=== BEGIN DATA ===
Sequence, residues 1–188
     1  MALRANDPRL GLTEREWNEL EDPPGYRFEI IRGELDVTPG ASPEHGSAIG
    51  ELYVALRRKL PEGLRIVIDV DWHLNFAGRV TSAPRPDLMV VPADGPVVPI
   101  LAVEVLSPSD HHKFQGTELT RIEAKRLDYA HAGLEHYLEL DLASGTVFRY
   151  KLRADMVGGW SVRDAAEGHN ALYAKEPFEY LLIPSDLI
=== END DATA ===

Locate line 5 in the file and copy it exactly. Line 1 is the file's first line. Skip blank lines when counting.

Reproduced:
   151  KLRADMVGGW SVRDAAEGHN ALYAKEPFEY LLIPSDLI